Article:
Libertarian Party nominee Gary Johnson hasn’t been afraid to take controversial stances in his bid for president. So when it comes to former NSA contractor Edward Snowden, don’t expect him to tread lightly.
Opposing Views reports the governor is open to the idea of pardoning Snowden, who is currently residing in Russia under temporary asylum. This move could potentially give Johnson a boost in momentum from those skeptical of the national security state.
Snowden has been a polarizing figure since leaking classified intelligence documents in 2013. Even libertarian icon Rand Paul has conveyed that he’d like to put Snowden in a cell with National Intelligence Director James Clapper.
Johnson, however, has refused to join the Kentucky senator in calling for Snowden’s head. “I don’t want to see him in prison,” he told Newsmax.
After a contention battle for the Libertarian Party nomination, Johnson certainly has his work cut out for him in solidifying his base. Appealing to those who see Snowden as a hero is certainly a step in the right direction.
Within the two major parties, sympathies for Snowden have been lacking. Republican nominee Donald Trump has declared that he would make Putin turn Snowden over in his administration, and the former contractor would be dealt with harshly.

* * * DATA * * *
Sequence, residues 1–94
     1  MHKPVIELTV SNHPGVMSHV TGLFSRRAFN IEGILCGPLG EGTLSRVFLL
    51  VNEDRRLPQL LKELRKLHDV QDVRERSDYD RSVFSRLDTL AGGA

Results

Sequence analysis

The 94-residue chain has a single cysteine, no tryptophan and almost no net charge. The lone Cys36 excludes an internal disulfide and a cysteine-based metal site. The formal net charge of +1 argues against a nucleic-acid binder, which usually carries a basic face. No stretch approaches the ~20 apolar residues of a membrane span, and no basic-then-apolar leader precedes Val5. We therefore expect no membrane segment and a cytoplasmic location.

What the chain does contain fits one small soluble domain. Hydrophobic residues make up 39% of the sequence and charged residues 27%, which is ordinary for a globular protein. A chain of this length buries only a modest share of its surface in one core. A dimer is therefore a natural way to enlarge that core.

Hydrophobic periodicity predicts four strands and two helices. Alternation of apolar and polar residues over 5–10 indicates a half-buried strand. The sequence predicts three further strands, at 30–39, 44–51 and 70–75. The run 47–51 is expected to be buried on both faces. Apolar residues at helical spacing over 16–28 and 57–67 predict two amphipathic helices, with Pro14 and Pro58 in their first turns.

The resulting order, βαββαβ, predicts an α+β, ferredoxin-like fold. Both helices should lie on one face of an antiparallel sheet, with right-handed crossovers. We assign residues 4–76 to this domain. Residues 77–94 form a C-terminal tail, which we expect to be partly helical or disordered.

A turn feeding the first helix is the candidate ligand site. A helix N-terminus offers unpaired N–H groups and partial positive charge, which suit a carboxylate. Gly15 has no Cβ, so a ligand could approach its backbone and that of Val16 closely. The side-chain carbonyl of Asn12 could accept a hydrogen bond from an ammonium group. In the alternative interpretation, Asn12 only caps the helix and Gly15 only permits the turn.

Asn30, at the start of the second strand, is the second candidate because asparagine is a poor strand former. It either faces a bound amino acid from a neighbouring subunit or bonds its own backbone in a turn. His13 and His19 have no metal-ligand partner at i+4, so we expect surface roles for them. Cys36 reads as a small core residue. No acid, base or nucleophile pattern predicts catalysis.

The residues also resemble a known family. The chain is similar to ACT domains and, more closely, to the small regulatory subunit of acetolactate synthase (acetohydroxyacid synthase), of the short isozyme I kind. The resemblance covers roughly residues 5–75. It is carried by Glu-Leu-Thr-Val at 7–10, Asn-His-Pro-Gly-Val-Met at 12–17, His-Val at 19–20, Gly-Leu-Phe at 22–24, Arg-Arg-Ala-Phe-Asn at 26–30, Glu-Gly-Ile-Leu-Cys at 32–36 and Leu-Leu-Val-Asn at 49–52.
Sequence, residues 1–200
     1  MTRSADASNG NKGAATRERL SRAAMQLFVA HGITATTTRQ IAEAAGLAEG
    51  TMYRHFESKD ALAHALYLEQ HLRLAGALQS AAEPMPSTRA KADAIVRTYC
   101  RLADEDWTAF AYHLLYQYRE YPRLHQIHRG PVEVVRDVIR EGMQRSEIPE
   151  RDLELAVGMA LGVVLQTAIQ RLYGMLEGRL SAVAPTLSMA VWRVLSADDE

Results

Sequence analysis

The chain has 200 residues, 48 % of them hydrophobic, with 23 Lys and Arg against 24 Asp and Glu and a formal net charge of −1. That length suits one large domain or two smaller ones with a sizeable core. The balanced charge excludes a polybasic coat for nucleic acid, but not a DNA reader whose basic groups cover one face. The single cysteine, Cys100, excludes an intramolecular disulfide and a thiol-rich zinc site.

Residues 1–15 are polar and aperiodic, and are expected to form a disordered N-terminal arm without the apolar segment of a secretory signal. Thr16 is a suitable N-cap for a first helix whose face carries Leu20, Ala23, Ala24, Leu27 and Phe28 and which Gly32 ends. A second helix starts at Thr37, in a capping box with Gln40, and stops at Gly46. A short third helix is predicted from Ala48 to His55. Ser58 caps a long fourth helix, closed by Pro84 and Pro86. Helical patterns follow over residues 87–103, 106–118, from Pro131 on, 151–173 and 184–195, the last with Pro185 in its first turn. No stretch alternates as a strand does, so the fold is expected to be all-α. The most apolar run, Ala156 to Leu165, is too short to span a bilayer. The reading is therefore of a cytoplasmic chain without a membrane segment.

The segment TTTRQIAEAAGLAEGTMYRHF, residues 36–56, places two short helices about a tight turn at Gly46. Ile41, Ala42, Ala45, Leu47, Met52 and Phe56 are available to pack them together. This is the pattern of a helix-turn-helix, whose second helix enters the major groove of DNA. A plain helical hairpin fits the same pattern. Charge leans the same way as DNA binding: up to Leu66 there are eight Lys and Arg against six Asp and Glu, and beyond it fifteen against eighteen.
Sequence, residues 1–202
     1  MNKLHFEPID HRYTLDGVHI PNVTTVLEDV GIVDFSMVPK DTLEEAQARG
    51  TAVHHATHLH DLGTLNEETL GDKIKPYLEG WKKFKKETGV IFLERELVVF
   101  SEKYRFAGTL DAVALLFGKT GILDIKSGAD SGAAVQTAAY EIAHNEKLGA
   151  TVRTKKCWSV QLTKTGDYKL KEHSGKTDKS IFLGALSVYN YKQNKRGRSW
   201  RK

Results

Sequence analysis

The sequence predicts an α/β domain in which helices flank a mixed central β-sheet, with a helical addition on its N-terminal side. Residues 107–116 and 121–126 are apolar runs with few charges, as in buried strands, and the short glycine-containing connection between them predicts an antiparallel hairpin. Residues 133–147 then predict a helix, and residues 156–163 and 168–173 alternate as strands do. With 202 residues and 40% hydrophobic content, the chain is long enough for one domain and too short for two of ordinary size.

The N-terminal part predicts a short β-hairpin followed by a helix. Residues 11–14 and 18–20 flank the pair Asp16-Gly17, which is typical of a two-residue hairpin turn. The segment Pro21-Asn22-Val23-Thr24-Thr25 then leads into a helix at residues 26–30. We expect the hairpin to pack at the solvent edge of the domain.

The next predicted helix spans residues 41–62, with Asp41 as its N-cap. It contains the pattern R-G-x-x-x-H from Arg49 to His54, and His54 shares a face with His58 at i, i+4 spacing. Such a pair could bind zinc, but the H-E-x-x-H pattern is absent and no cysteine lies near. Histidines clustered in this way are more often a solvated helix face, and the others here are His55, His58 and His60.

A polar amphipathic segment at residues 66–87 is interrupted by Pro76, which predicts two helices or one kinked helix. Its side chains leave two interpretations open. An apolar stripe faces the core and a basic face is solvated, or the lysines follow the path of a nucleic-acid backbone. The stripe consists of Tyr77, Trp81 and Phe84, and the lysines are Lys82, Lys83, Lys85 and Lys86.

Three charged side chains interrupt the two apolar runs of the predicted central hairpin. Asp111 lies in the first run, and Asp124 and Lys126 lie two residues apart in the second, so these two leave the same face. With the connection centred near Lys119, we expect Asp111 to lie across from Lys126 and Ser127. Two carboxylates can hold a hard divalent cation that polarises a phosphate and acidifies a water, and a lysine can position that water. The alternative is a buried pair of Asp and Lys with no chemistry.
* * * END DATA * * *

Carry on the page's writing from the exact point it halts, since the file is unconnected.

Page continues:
Democratic nominee Hillary Clinton has been equally mistrustful of Snowden’s actions. In a 2015 CNN debate she told the audience that, “he should not be brought home without facing the music.”
Governor Johnson now finds himself in the unique position to siphon of votes from those who hold this as a key issue. With hardly any difference between Clinton and Trump, surveillance skeptics could find themselves with nowhere else to go.
This issue could potentially be used as leverage to convert former supporters of Senator Bernie Sanders to the Libertarian Party. Johnson hasn’t hidden his desire to peel off some of those voters, and his strong stances on civil libertarian issues make this a possibility.
Certainly, these national security cynics won’t be a large enough constituency to propel Governor Johnson to the presidency. However, in the early stages of the race they could give him the push he needs to make it to the national stage.
If given the chance to defend Snowden in front of a national audience, he would be able to lay out yet another crucial distinction between himself and the two major parties. At the very least, he could shed light on the authoritarian tendencies perpetuated by the other candidates.
Certainly, the governor will likely face a lot of flak for his endorsement of such a controversial figure. But, even if he can do nothing more than influence the tone of the national debate and keep surveillance reform in the forefront of presidential politics, it will have been a risk worth taking.